It's no longer true that only Nixon can go to China—Nicholas Winter toured the country at the request of the U.S. State Department to tell the story of the 2016 Presidential Election as part of their Public Affairs Programming. That phrase refers to Richard Nixon as the first U.S. president to go to the Republic of China in almost 100 years. Nixon's reputation as a staunch anti-Communist meant he could visit without being perceived as soft on Communism by his critics. Professor Winter did not need that armor—he went there to freely answer the many Trump and Clinton questions from Chinese students and faculty, diplomats, and embassy staff. He hit five cities in two weeks.
His first stop, Beijing, included three schools and the U.S. Embassy (see his adventure map to the side). Beijing is viewed as the center of the universe in China, a place where much of the important political and creative work of the country is being done. He spoke at the World Economics and Politics—Chinese Academy of Social Sciences, School of Government—Peking University, Renming University, and the U.S. Embassy in the Beijing America Center.
Peking University was his first time using a translator which added some additional administrative duty (reading his Powerpoint slides for example). Translation was consecutive, after each phrase, as opposed to simultaneous (visualize the earpieces in the delegates at the U.N.).
In Beijing the Embassy media team interviewed him for a short video on What Does Politics Mean to Me?, and for some other short insights on political topics. Sign up for our newsletter for notification when the videos are posted. Winter was interviewed by a mob of journalists after his talk (see sidebar for coverage).
Following Beijing he went to Chengdu, a small city of 14.3 million people, speaking twice at the U.S. Consulate General, first co-hosting a movie night (By the People) followed with a second night watching the third presidential debate. In Chendu he also conducted a discussion group at the Jiansu Tea House, and spoke at Yanjiyou Bookstore in the Raffles Center. He was reminded that despite the prevalence of capitalism, which we equate with democracy, the country is still governed by an authoritarian regime—an armed soldier followed him into a convenience store and requested he delete photos he had taken of a white building with a red star on top.
On to Nanjing (pop. 8.2 million) he spoke at the School of Foreign Languages—Southeast University, twice at the School of Government—Nanjing University, and at the Johns-Hopkins Center. The Johns Hopskins Center is a co-venture with Nanjing University Center for Chinese and American Studies to support internationalization in higher education.
In Shenyang (pop. 6.3 million), provincial capital and largest city of Liaoning Province he spoke at the Lazy Bee Café, an English-Corner gathering and informal discussion, a dinner talk with American Consulate Staff, to students and faculty at Liaoning Academy of Social Science (LASS) and Northeast University, and the U.S. Consulate General.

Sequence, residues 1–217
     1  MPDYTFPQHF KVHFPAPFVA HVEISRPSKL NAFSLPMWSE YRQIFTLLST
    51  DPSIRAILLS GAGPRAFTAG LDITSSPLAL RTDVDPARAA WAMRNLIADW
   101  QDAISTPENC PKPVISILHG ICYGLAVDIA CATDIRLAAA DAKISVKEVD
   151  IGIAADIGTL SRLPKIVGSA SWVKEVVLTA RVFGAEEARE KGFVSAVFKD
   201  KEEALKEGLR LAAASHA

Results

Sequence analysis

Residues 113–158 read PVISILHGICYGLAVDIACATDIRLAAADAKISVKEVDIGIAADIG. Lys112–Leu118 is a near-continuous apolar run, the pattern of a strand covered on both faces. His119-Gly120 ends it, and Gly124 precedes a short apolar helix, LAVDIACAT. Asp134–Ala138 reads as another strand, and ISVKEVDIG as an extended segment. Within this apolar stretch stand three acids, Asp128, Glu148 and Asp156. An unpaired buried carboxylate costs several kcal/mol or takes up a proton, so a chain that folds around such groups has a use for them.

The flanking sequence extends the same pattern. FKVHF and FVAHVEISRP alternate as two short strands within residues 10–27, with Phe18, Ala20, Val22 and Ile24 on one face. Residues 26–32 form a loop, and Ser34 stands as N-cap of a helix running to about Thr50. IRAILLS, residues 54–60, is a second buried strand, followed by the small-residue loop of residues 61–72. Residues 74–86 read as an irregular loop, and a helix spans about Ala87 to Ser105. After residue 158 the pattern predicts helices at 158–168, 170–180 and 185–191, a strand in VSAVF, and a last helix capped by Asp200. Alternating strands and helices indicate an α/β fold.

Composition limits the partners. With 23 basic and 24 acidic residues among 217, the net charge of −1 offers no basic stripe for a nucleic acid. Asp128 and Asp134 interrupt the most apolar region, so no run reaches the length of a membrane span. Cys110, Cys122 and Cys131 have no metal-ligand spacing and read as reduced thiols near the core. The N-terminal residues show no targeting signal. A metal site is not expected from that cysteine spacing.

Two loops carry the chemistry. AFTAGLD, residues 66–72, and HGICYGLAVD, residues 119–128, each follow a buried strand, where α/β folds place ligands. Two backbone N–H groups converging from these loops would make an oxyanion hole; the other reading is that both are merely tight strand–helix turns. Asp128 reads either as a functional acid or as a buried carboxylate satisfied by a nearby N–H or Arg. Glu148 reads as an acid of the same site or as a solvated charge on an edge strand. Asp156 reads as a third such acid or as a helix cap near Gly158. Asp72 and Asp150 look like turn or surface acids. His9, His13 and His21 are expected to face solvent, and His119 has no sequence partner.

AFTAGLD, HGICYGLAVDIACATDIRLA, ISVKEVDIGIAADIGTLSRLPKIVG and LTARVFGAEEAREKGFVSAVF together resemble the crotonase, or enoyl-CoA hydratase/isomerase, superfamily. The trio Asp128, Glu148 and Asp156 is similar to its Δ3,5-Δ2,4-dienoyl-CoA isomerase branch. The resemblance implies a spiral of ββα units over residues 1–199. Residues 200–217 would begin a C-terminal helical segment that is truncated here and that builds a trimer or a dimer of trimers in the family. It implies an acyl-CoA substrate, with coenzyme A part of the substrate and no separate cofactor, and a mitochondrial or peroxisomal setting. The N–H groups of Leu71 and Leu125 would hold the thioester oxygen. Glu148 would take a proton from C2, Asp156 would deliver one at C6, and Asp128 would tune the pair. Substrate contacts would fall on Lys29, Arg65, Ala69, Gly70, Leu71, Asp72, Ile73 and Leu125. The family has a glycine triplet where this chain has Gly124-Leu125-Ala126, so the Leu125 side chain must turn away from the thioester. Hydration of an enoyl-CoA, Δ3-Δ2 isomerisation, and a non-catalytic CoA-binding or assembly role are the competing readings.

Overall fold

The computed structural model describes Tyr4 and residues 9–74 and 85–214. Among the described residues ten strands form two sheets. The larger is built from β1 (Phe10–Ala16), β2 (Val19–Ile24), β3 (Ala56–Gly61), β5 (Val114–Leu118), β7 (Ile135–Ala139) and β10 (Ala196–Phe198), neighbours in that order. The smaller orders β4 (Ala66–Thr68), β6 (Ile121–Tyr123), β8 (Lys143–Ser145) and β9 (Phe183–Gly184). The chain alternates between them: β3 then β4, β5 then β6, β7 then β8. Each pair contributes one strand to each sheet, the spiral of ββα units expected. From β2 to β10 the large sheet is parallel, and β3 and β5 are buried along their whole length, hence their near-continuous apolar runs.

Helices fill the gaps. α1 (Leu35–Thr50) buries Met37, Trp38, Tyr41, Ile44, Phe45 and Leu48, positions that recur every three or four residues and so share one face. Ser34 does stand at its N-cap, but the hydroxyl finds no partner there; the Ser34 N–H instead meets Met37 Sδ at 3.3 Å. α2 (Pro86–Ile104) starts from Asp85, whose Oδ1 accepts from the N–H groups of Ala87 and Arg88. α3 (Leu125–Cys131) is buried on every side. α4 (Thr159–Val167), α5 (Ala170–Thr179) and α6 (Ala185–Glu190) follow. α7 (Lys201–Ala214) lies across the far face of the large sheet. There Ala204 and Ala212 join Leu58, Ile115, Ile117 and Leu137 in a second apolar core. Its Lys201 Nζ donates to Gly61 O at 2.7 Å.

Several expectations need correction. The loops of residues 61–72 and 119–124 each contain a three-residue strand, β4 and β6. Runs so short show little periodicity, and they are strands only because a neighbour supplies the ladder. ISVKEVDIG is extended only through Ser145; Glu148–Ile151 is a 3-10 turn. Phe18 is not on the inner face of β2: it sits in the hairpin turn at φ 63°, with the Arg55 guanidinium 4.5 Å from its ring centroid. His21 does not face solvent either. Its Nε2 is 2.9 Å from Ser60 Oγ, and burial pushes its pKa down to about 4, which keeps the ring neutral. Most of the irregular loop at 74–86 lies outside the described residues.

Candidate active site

He concluded with Changchun (pop. 7.6 million), the capital and largest city of Jilin Province, located in the northeast of China, with a lunch discussion with Chinese Fulbright Alumni, and at the School of Humanities and Arts—Northeast Normal University.
David Leblang (Department of Politics Chair) and Paul Freedman (Associate Chair) working with Hope McIntyre and Yifeng Song, of the Data Science Institute at the University of Virginia developed the following three visualization tools to analyze Twitter activity. Initially the tools will be used to analyze tweets during presidential debates on Monday, September 26, 2016, Sunday, October 9, 2016, Wednesday, October 19, 2016, and the vice presidential debate on Tuesday, October 4, 2016. Coverage will continue following the election on Tuesday, November 8.
We recommend using the most current browser available. Older browsers and operating systems may not have complete emoji font sets and older browsers don't support emojis at all.
The Emoji Analysis tracks tweets which have emojis attached to the message and are directed to particular candidates using the @ sign (e.g. @HillaryClinton and @realDonaldTrump for the presidential debates, and @timkaine and @mike_pense for the vice-presidential debate). Tweets tagged with the @ symbol are a way for the sender to direct their message to the candidate; these tweets are received by the candidate (though not necessarily read).
There are over 900,000 different emojis, though many of these could just be considered variations by brand (Apple iPhones and computers, Google Android devices, Windows devices, and other, as well as emoji versions customized by the user), with slightly different images.
(Updated 10-24-16, includes final debate data)
The Hashtag Visualization allows the user to click on graph traces to reveal hashtag phrases (e.g. #imwithher, #makeamericagreatagain). These tweets are also directed to the candidate using the @ symbol. Hashtags allow the Twitter user to categorize a tweet, revealing or explaining intent. Hashtags are useful for responses to events (in this case the presidential debates, but also for other events such as earthquakes and celebrity meltdowns). Hashtags frequently are used sarcastically.